Of course we would be naive to think that every child born is predestined for heaven.  Here again, a grave responsibility rests upon a mother, for she will be the primary teacher and role model for the formative years of her child’s life.  If she is a good mother, her children will be like her.  If she imitates the virtues of the Blessed Virgin, she will be a source of virtue for her children.  It matters not whether the child is a boy or girl—no father, no teacher, no other person can have this same salutary influence on the child.  Perhaps this is one of the reasons that people who home-school their children are so successful in raising good children who become responsible adults.

    Nonetheless, this is an opportunity for others to step in and help Mom.  What a blessing it is for a good mother to be surrounded by helpful women and men who will confirm her good example.  How much more does a child grow in virtue when all of those close to the family are themselves virtuous?  So much easier it is to teach honesty to a child surrounded by honest people;  to teach chastity among the chaste;  to teach charity among the charitable;  and so on with every virtue you can name!

    And God bless those who do step in where Mom is not a good mom, or when circumstances conspire to make it impossible for her to look after her little ones.  Indeed, this is precisely what Saint James had in mind when he wrote about “Religion pure and undefiled before God the Father”—it is an obligation of our Catholic Faith to see to the physical and spiritual well-being of the widows and the orphans—and not just those who are widowed or orphaned by the death of a spouse or parent.[4]  There are indeed “married widows,” and “orphans with living parents”—they too are the objects of “Religion pure and undefiled before God the Father.”  We must not be “forgetful hearers,” but actual “doers of the work.”[5]

    When we look at the great effort our Mothers expended on our behalf;  when we consider their sacrifices and all that they did for us in our formative years and beyond;  we ought to be conscious of an obligation, a debt not completely payable, but obligatory none-the-less.  If you are fortunate enough to have Mom still alive, be sure you spend some time with her today—at least by phone if a visit in person is just not possible.  And don’t make the mistake of limiting that contact to just one day each year—for the day will come when Mom is no longer around and you would trade most anything for another visit.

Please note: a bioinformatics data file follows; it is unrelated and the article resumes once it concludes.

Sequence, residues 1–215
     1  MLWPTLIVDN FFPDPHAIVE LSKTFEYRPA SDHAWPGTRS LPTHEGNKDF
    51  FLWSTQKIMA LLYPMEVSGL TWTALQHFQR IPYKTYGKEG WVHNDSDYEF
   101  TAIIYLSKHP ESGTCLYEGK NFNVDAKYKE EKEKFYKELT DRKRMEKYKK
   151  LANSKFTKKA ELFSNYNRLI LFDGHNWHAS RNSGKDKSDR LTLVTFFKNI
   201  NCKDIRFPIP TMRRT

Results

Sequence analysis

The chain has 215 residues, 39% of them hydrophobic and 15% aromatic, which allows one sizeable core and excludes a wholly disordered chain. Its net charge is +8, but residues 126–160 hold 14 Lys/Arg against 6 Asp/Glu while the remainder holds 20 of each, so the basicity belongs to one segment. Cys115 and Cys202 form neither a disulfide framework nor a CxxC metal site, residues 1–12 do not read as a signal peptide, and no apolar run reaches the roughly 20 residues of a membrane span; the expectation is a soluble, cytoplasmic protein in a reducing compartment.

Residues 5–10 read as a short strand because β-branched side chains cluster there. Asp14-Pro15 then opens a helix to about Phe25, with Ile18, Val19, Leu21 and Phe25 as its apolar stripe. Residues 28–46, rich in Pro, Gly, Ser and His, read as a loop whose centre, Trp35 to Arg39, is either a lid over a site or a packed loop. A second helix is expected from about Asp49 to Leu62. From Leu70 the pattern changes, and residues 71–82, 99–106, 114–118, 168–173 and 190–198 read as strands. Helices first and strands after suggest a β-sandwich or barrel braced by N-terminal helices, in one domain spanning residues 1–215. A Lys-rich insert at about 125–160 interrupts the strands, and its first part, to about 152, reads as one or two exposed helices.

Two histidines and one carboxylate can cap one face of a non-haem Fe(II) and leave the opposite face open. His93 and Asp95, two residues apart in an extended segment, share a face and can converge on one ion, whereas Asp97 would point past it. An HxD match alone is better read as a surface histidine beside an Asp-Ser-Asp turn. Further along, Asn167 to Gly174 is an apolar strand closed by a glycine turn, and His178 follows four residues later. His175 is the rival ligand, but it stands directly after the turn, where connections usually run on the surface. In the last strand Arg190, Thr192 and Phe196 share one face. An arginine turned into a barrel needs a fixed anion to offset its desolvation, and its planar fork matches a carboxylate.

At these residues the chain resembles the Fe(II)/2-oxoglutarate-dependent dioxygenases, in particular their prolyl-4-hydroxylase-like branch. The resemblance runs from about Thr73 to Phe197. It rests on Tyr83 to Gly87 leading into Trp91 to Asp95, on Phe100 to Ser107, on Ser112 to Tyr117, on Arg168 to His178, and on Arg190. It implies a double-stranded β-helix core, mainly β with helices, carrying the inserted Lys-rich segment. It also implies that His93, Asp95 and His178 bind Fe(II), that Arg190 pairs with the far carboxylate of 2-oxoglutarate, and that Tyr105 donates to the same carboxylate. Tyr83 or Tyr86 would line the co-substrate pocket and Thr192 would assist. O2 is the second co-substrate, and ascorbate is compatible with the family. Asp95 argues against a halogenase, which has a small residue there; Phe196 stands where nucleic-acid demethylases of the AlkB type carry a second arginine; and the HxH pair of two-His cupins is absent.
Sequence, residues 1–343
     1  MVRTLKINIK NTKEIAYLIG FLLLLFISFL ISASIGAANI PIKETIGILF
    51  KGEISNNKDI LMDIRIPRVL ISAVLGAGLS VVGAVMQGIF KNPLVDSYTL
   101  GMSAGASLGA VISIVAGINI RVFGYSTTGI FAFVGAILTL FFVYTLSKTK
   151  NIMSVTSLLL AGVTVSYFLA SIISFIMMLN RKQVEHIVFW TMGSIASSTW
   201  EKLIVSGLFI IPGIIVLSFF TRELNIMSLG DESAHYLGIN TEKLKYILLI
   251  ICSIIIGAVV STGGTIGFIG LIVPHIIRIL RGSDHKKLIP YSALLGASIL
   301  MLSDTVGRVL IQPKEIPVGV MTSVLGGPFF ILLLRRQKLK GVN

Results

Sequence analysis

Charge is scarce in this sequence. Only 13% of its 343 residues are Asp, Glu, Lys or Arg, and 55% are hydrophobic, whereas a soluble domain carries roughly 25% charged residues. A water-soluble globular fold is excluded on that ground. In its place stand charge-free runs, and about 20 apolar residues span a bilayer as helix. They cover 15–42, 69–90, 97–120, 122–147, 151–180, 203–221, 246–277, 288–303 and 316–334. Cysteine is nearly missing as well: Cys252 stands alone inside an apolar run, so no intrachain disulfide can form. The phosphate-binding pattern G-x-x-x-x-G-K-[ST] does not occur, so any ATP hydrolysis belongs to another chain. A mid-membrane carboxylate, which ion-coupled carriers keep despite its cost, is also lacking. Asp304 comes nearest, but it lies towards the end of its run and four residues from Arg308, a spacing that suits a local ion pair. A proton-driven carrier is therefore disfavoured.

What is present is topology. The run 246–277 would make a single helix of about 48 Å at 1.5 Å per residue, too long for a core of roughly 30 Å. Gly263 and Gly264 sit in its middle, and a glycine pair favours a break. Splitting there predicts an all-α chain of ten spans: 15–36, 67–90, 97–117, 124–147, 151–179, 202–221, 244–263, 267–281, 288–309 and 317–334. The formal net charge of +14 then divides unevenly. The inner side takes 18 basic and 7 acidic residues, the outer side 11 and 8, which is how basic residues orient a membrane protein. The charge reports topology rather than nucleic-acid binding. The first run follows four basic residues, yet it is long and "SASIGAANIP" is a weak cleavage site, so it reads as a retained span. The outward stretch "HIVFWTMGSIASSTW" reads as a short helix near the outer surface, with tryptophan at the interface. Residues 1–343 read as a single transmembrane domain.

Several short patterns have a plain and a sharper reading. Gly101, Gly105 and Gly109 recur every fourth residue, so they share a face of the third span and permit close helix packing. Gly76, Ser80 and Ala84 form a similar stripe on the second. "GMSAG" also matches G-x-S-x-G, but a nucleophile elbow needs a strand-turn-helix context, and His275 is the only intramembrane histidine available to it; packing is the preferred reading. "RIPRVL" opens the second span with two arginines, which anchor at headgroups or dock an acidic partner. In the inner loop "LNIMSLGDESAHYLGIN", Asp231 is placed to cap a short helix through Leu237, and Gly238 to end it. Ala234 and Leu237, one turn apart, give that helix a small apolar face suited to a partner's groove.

And if Mom is no longer around, be sure to pray for her, as she prayed for you every day when you were her child—again, this should in no way be limited to once a year.  Not just Mother’s day, not just her birthday, and not just the anniversary day of her death, but every day.

    And make your Mom proud of you.  Make sure that she was successful in bringing a “new saint to heaven.”  Make sure that the grace given her by God is fruitful in you and in your children: “The angels have not been blessed with such a grace. They cannot share in God’s creative miracle to bring new saints to Heaven. Only a human mother can.”  Make sure that you don’t mess up all of Moms hard work for you!


NOTES:

[2]   -Joseph Cardinal Mindszenty,  http://thankevann.com/homeschoolgoodies/?p=2862

[3]   Cf. Baltimore Catechism No. 2, Q. 6.

[4]   Epistle: James i: 22-27  http://www.drbo.org/chapter/66001.htm.

[5]   Ibid.